Bobby Hamilton, Sterling Marlin (along with his father Coo Coo Marlin), Jimmy Means and Mike Alexander were prominent figures in the Music City racing scene before they ever made it to the big stage of NASCAR. As a renowned country music singer and entertainer, Marty Robbins was already prominent in Nashville (and the entire country for that matter). But when Robbins wanted to become a racecar driver, he went to the Fairgrounds.
His iconic and eye-catching yellow and purple car became a fixture in Nashville too. Later, he took it to NASCAR, where he competed primarily on the big superspeedways.
But there was no greater racing icon to come out of Nashville than Darrell Waltrip. Originally from Kentucky, the brash young Waltrip moved to Nashville not to pursue his dream of standing behind a microphone of a packed arena (although he ultimately did … in a way), but to pursue a racing dream.
Waltrip ultimately won two track championships that propelled him into the spotlight and into a career that garnered three Cup championships and Hall of Fame honors. Even though his days as a racer are in the rearview mirror, Waltrip is still active in Music City racing as a current resident of suburban Nashville.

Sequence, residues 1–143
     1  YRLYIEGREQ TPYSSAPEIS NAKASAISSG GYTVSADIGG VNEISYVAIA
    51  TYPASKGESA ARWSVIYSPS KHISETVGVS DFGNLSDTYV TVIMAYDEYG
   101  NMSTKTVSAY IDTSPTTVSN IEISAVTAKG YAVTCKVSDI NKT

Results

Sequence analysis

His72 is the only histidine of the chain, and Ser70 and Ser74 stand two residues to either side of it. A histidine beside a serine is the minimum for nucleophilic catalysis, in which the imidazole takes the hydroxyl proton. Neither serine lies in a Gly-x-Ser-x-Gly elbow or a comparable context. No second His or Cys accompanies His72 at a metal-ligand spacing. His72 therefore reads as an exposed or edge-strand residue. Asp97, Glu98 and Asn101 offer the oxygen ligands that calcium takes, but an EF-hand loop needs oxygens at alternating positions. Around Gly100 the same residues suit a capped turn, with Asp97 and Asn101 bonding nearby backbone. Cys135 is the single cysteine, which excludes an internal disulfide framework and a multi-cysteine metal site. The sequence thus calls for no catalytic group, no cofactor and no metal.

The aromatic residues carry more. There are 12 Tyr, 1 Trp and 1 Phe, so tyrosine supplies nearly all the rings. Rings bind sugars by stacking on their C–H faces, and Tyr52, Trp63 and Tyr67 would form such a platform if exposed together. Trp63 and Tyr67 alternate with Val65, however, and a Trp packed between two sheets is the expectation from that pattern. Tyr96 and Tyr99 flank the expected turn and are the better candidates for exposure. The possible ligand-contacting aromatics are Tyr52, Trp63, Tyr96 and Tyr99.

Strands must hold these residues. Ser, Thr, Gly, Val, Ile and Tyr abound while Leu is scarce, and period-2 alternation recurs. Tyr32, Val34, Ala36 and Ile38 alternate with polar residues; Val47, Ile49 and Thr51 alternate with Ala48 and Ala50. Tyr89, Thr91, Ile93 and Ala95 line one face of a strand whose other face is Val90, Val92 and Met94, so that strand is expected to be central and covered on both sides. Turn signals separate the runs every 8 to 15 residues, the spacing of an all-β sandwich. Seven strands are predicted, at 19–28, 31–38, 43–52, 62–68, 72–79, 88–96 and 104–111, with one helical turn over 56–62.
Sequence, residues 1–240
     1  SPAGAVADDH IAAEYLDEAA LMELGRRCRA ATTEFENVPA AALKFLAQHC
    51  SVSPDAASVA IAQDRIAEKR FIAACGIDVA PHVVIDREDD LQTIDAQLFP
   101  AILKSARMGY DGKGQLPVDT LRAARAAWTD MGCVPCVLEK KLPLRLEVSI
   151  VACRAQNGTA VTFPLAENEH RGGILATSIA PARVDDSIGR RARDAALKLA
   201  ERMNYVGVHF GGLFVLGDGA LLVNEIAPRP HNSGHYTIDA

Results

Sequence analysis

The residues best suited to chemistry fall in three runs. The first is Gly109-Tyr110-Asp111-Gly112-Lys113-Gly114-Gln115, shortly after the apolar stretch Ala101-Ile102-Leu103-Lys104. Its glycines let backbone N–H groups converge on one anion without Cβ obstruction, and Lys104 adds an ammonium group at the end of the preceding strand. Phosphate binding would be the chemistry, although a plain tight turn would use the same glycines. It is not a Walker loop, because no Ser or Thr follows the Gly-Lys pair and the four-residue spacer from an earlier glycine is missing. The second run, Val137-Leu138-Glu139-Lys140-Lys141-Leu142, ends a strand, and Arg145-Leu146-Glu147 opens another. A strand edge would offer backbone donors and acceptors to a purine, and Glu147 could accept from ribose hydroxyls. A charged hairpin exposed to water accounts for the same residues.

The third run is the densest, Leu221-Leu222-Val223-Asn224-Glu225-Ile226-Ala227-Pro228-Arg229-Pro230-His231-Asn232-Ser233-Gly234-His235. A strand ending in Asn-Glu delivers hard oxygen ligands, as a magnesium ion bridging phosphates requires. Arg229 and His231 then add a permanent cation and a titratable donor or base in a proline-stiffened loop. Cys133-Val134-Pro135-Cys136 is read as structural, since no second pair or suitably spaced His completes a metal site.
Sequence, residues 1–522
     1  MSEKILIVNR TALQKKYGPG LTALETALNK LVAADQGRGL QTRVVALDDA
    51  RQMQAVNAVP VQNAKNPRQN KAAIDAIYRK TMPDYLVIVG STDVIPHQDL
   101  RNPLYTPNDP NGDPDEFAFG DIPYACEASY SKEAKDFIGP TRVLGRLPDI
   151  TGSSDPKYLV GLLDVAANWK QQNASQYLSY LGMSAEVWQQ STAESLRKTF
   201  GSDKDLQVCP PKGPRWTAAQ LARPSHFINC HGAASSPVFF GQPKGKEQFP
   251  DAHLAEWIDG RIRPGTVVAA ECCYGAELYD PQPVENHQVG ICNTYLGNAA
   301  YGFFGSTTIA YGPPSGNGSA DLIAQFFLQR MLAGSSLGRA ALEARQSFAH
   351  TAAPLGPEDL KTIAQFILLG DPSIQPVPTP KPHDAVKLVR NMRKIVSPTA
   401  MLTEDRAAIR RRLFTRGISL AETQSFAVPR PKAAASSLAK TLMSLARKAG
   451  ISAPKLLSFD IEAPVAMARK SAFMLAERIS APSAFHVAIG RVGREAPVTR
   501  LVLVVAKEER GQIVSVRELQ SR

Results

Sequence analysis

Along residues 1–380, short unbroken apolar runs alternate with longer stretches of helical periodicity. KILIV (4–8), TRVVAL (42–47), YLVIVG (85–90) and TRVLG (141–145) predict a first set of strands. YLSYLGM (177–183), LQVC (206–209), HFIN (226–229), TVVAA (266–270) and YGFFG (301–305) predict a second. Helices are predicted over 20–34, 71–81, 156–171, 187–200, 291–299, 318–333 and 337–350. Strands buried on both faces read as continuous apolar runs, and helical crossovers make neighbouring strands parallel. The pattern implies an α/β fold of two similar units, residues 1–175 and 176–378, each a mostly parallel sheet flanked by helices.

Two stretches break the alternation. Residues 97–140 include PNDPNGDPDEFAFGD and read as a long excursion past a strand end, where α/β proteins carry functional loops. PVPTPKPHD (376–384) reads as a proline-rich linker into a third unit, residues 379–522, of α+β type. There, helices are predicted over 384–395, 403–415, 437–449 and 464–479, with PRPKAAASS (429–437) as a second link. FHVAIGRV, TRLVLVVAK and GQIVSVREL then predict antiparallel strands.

Once NASCAR left the Fairgrounds track, there were still plenty of engine roars to be heard there. The All-American 400 quickly blossomed into a famed annual late-model race that draws in short track stars from around the country. Several future NASCAR drivers were victorious in the race, including Chase Elliott, John Hunter Nemechek, Jeff Purvis and Daniel Hemric.
The ARCA Menards Series still has ties to the Nashville Fairgrounds Speedway as Wisconsin-native short track standout Luke Fenhouse took home his first career victory there in the East Series last month. ASA, the Hooters Pro Cup Series, the CARS Super Late Model Tour, SRX, and several other notable sanctioning bodies have called the Nashville track home at one point or another across the last several decades.